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Faces of Spring Training: Lynn’s Pazik enjoying Royals’ reign

FORT MYERS, Fla. – Last year was a bit of a whirlwind for Lynn native Mike Pazik and his wife, Susan. Two of their daughters got married and they welcomed the birth of a fourth grandchild.
Pazik being involved in his first full-blown pennant race was only icing on the cake.
?Last year was a blur,” said Pazik last week at Jet Blue Park, the Red Sox spring training home.
?My wife and I look at each other and say, ?Where did that year go?? It was so fast, but exciting. You don?t get to do it much.”
Pazik, who turned 65 in January, is a Major League scout with the Royals ? make that the American League champion Kansas City Royals. The Royals beat the Orioles in the American League Championship Series last fall before falling to the Giants in a seven-game World Series.
In five decades in baseball, it was the first time Pazik got to experience the rush of the playoffs.
?It was really the first playoff run that I?ve really been involved in,” Pazik said. “I?ve talked to (other people in baseball) and say, ?You want to talk about getting pumped up for something?? And they go, ?Yeah, that?s the most exciting part.? And for the Kansas City community, it?s so reinvigorating. I know it was disappointing for the Baltimore people, but it was a lot of fun.”
A 1968 graduate of Lynn English who then attended Holy Cross, Pazik was a first-round pick (13th overall) of the Yankees in 1971. After a 1974 trade, the left-hander pitched for parts of three seasons with the Minnesota Twins until a horrific 1977 car crash ended his playing career. In three starts that season, he was 1-0 with a 2.50 ERA.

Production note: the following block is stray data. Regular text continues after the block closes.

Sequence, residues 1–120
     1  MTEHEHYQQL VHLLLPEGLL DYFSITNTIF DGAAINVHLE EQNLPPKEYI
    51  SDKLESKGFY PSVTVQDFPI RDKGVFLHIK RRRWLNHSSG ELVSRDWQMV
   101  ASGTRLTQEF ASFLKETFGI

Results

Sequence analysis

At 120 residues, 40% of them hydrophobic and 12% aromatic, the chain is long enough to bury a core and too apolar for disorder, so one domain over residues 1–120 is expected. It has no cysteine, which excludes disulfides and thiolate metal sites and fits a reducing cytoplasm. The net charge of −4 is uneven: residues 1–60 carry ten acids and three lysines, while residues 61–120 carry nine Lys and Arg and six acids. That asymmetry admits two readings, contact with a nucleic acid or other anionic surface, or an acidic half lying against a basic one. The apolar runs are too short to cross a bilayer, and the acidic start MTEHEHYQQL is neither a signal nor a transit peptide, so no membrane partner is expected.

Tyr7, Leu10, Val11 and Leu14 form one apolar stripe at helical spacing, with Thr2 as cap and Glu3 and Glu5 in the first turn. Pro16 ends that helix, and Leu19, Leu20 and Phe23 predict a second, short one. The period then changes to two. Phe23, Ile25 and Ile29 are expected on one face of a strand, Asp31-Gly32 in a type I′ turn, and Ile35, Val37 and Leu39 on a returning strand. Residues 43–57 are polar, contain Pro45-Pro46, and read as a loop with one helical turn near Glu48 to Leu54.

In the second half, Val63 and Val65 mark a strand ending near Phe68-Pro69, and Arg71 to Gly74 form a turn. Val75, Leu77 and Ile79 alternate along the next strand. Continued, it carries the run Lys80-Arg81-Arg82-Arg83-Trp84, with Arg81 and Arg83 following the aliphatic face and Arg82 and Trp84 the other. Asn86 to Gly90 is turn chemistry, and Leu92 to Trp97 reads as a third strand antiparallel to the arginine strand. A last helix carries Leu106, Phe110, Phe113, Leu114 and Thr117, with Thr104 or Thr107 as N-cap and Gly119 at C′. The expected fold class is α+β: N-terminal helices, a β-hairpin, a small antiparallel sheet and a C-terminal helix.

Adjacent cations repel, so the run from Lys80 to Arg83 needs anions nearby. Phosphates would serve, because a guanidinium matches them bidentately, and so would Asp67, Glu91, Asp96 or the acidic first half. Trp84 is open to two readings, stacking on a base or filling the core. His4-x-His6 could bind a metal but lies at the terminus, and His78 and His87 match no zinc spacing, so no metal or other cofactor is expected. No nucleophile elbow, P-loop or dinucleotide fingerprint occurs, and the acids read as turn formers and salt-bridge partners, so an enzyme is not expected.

That win ? when he went eight innings to beat Oakland, 10-2 ? was the only victory of his Major League career. Hall of Famer Rod Carew went 3 for 5 for the Twins in that game with 4 RBIs.
?That was the most exciting time,” Pazik said. “The only win I got, against Oakland, and talking to my father, just because he always pushed me. He never said, ?You have to do this.? But he always pushed me.
?Talking to him later in life he said, ?I really thought the odds were against you only because of where you were from, because there was no exposure.? Even when I went to Holy Cross, at that time we only played about 16 or 18 games. And the fact that I got to the highest level and won a game, not the actual winning the game but talking to him about it.
?I called him right after, so it was a great moment. It was a great moment for me. It was a great moment for him, because he had such an influence on me. He knew he didn?t really know that much about baseball, but he knew enough to put me with good people.”
He attempted to resume his pitching career after he recovered from the accident, which left him with two broken legs and serious complications. But the damage was too severe, the rehab grueling. So, he moved into coaching and then scouting.
Pazik, who now lives in Bethesda, Md., has been with the Royals since 2002. He began his coaching career in 1980, as a manager and then pitching coach in the White Sox organization. He has also worked for the Rockies, Brewers, and Orioles.
His current job brings him back to the area somewhat frequently. He can scout games at Fenway Park and visit with family. He still has two sisters in Lynn and another in New Hampshire. But he?s learned he can?t just sneak back into the area, like the last-minute trip to Fenway he had to make a few years back. His front-row seat gave him up.
?I don?t even have a ticket for the game,” said Pazik, who found himself sitting two seats down from then-Red Sox general manager Theo Epstein. “Then my phone starts ringing, and I hear my sister go ?It is you!? I said, ?What are you talking about?? My nephew thought he recognized me on TV. But my sister said, ?Oh, he wouldn?t come in without letting us know.? So they called and when they saw me answer my phone on TV, they knew it was me. And I get, “Why didn?t you call?? I didn?t even know I was coming. So I said I?ll drive up tomorro

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